United States District Court, N.D. Georgia, Atlanta Division
RICHARD S. BAILEY, SR. and SHARON BAILEY, a married couple, Plaintiffs,
B. BRAUN MEDICAL INC., a Pennsylvania corporation, AESCULAP INCORPORATED, a Pennsylvania Corporation, AESCULAP IMPLANT SYSTEMS, a Pennsylvania Corporation, B. BRAUN INTERVENTIONAL SYSTEMS, INC., a Delaware Corporation, JOHN AND JANE DOES I-X, BLACK AND WHITE CORPORATIONS I-X, Defendants.
OPINION AND ORDER
WILLIAM S. DUFFEY, JR. UNITED STATES DISTRICT JUDGE
matter is before the Court on Plaintiffs Richard S. Bailey,
Sr. and Sharon Bailey's (together,
“Plaintiffs”) Motion for Leave to File Amended
Complaint to Add “Braun S.A.S.” as a Defendant
 (“Motion to Amend”). Also before the Court
is Plaintiffs' Motion to Transfer Case to Southern
District of Georgia  (“Motion to Transfer”).
Also before the Court is Defendants B. Braun Medical Inc.,
Aesculap, Inc., Aesculap Implant Sytems, LLC, and B. Braun
Interventional Systems Inc.'s (collectively,
“Defendants”) Motion for Leave to File Surreply
a medical device products liability action stemming from the
implant of a B. Braun VenaTech filter in Plaintiff Richard
Bailey's inferior vena cava. On April 13, 2016,
Plaintiffs filed their Complaint in the State Court of
Gwinnet County, Georgia. ([1.1]). On May 12, 2016, Defendants
filed their Notice of Removal. ().
March 6, 2017, Plaintiffs filed their Motion to Amend,
seeking to amend their Complaint to add B. Braun Medical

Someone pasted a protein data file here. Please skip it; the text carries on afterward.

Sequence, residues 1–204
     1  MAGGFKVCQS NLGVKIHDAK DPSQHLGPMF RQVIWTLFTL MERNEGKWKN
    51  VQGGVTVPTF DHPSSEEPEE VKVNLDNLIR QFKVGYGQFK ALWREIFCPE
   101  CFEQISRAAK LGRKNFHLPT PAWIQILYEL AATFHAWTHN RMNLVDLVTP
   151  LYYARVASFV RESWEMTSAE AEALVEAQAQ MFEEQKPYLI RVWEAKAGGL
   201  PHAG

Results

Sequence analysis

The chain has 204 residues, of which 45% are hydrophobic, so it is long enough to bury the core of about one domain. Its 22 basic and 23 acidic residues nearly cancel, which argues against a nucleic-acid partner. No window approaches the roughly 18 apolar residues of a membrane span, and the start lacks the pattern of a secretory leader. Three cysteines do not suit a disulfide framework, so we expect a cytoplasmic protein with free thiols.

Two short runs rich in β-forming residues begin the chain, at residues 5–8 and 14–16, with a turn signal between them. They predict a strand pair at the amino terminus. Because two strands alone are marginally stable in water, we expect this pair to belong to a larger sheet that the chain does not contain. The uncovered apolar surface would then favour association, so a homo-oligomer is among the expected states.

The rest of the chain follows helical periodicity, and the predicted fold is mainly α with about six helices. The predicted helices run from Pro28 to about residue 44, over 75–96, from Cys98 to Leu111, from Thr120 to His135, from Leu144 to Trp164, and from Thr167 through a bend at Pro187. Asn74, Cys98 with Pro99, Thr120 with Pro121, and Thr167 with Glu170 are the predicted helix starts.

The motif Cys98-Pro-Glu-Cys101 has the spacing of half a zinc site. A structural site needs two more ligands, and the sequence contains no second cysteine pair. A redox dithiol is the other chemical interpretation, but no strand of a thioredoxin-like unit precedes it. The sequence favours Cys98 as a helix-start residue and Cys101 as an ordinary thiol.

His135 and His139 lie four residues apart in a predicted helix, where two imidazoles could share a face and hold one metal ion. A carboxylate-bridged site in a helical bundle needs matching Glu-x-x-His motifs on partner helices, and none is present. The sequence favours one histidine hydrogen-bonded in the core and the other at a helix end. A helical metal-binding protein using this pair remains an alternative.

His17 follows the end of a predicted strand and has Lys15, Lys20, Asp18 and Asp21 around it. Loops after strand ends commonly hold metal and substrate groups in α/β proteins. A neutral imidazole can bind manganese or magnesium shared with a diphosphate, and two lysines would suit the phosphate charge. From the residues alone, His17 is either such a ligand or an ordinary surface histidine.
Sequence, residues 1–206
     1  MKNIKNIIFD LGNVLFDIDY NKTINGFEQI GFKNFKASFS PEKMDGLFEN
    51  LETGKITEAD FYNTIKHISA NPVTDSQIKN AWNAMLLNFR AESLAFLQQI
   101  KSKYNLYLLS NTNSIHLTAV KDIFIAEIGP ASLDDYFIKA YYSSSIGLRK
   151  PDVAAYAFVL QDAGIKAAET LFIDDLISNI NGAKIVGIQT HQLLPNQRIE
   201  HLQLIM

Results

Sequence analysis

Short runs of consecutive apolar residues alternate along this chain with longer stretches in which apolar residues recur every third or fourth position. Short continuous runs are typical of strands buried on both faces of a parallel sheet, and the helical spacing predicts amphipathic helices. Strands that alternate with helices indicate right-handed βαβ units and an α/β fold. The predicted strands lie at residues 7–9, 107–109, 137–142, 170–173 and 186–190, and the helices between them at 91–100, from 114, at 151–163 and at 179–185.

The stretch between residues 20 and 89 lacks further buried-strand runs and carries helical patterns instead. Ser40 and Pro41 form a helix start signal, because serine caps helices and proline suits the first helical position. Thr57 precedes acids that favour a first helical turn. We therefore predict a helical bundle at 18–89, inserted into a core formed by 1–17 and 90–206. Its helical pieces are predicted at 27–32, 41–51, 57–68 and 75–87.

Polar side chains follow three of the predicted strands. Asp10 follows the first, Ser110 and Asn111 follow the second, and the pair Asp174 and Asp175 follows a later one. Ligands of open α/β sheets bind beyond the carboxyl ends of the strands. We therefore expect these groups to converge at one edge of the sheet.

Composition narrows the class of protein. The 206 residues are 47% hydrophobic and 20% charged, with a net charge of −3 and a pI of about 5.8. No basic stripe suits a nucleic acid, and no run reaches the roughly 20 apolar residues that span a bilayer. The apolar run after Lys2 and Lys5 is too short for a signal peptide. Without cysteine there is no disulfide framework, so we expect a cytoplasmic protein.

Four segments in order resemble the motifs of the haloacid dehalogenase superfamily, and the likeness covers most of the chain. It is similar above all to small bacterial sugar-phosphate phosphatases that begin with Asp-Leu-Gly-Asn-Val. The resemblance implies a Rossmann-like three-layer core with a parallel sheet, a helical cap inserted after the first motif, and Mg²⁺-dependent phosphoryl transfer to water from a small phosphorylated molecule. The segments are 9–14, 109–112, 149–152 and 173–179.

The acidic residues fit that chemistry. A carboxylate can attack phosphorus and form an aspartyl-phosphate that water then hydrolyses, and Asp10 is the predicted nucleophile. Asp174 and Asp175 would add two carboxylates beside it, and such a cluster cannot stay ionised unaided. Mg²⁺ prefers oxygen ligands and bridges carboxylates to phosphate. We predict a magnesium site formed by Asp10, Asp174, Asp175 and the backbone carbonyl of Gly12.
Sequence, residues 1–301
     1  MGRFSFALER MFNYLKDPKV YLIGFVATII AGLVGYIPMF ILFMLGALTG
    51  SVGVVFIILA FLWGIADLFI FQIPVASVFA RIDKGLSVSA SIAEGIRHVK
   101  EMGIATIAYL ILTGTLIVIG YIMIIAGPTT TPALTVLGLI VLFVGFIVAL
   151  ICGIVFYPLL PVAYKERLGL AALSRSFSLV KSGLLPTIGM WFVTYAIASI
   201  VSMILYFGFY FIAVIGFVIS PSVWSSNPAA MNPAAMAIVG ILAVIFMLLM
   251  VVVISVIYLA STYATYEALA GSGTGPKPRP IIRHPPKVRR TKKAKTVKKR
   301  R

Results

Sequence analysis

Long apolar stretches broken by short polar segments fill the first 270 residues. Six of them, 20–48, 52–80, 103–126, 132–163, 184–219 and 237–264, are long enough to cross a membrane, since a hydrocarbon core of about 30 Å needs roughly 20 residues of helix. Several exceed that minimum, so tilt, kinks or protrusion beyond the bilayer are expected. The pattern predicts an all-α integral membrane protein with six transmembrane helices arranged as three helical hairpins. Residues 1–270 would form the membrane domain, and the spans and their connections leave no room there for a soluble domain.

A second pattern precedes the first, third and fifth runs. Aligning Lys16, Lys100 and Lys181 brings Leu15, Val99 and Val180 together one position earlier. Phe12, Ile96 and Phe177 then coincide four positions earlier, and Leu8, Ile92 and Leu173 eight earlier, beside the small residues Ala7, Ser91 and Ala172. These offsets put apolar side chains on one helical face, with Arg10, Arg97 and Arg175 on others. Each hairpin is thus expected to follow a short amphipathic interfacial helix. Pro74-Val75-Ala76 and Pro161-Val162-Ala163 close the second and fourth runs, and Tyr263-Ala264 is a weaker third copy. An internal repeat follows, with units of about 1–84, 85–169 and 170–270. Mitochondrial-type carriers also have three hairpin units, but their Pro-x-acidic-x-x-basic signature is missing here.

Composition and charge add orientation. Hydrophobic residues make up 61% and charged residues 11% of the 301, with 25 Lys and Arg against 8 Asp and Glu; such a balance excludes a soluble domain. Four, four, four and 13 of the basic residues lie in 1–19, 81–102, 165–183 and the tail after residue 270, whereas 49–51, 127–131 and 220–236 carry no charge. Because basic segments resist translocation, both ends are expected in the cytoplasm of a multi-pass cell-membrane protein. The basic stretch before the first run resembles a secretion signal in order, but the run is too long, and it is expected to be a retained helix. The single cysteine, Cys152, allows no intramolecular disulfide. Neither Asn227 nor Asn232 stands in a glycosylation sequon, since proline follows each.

S.A.S. (“Braun S.A.S.”) as a defendant in this
action. Plaintiffs contend that, in November 2016, Defendants
produced a distributorship agreement identifying Braun S.A.S.
as the party granting B. Braun Interventional Systems,
Inc.'s distribution rights for the filter at issue in
this action. Defendants argue that Plaintiffs' motion is
untimely and would unduly delay the resolution of this case.
Defendants also argue that the Court should deny
Plaintiffs' motion because Braun S.A.S. is not subject to
personal jurisdiction in Georgia.
same day, Plaintiffs filed their Motion to Transfer.
Plaintiffs argue that neither the Defendants nor any other
witnesses to the case are residents of the Northern District
of Georgia, and causing the witnesses to travel hundreds of
miles for trial will impose a substantial inconvenience on
them. Plaintiffs also argue that Mr. Bailey is not in good
health and should not have to bear the burden of traveling
hundreds of miles to the Northern District. Defendants
contend that, by filing suit in the Northern District,
participating in discovery here, and waiting almost ten
months to move to transfer, Plaintiffs have waived any
argument that the Southern District of Georgia is a more
convenient forum. On April 10, 2017, Defendants filed their
Motion for Leave to File Surreply, in which they present Mr.
Bailey's deposition testimony showing that he travels
long distances around Georgia many times a month, mostly to
attend Masonic meetings.
Motion to Amend
15(a) of the Federal Rules of Civil Procedure allows a
plaintiff to file one amended complaint as a matter of
course, if the amended complaint is filed either within
twenty-one (21) days of service of the original complaint or
within twenty-one (21) days of the defendant's filing of
a responsive pleading or Rule 12 motion to dismiss.
Fed.R.Civ.P. 15(a)(1). Amended complaints outside of these
time limits may be filed only “with the opposing
party's written consent or the court's leave.”
decision whether to grant leave to amend a complaint is
within the sole discretion of the district court.”
Laurie v. Ala Ct. of Criminal Appeals, 256 F.3d